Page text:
h1

Good Things Come in Small Packages: The Impact of Foreign-Owned SMEs on the U.S. Economy

January 6, 2021

Samantha Luban is an Economic Research Analyst at SelectUSA

From the corner coffee shop to the boutique where you bought holiday presents, small businesses are an essential part of both local communities and the national economy. Small businesses comprise 99 percent of all companies in the United States, which may not be new information to most readers. However, less known is the prevalence and impact of foreign-owned small businesses.  

SelectUSA’s latest analysis shows that small, foreign-owned firms have a substantial impact on the U.S. economy, directly and indirectly supporting 5 million U.S. jobs, $350 billion in employee compensation, and $1 trillion in output

The impact of small foreign-owned businesses extends far beyond each firm’s individual economic activity. SelectUSA set out to quantify this impact in our latest research report, Foreign Direct Investment (FDI) from Small Businesses: Understanding the Behavior and Impact of Foreign-Owned SMEs on the U.S. Economy. In 2016, such businesses supported five million U.S. jobs, either directly or indirectly, or four percent of all U.S. jobs.   

In our analysis, we found that over 2.7 million of those jobs were directly created by small foreign-owned firms operating here, while the other 2.3 million were indirect and induced jobs supported by the ripple effects of small foreign-owned firms. Together, these jobs generated roughly $350 billion in employee compensation and over $1 trillion in output.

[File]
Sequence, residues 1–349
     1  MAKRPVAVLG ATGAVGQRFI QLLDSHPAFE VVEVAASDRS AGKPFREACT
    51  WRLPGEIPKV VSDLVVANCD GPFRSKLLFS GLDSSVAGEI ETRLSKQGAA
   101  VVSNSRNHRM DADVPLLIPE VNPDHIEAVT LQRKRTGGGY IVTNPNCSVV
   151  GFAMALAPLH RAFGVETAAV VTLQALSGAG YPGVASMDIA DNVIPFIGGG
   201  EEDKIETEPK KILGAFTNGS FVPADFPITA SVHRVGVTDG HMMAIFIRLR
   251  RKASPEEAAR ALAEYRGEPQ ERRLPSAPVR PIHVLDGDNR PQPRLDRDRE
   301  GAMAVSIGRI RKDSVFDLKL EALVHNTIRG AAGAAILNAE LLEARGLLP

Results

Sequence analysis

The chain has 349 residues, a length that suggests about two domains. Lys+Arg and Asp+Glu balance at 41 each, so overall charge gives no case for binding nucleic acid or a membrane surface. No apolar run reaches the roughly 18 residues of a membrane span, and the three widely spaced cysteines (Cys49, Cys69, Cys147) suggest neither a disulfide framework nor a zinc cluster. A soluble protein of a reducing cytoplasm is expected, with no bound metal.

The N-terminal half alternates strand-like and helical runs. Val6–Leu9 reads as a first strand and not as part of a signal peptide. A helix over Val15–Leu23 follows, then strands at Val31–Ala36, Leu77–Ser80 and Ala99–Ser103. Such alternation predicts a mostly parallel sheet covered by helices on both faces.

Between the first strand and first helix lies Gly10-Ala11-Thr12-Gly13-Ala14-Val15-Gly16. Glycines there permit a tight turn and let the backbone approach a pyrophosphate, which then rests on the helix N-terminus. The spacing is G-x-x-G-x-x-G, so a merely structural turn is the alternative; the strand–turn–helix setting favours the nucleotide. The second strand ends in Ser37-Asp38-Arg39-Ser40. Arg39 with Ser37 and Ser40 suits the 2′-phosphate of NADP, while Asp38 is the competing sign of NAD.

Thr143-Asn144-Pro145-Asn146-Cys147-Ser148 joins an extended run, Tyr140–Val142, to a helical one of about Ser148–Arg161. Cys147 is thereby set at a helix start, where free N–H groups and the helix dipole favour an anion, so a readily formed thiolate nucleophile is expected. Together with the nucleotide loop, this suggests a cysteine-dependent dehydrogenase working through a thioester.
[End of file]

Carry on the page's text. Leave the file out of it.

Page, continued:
The three sectors where FDI from small businesses had the largest economic impact are manufacturing; wholesale trade; and professional, scientific, and business services. Combined, these top three sectors comprised 60 percent of all U.S. employment supported by small business FDI as of 2016.  

The report also found that small multinational enterprises are among the most productive group of firms in the world, surpassing the productivity of large multinational enterprises and high-growth firms. Unfortunately, these productivity advantages do not necessarily translate into higher resiliency, as the survival rate of small foreign-owned firms investing in the United States between 1990 and 2016 was 37 percent. 

The substantial economic impacts and productivity spillovers uncovered in our latest report are why we cannot take the existence of small foreign-owned firms in our economy for granted. However, in order to transform into resilient and thriving businesses, these companies often require some assistance, which SelectUSA and economic development organizations (EDOs) are uniquely suited to provide. SelectUSA will continue to support small businesses investing in the United States and assist EDOs seeking to attract more FDI from small foreign-owned companies. And the next time we’re on our way to our beloved coffee shops, restaurants, gyms, salons, or boutiques, let’s take a moment to appreciate the levels of investment that help support our favorite places.  

For more information see other reports from SelectUSA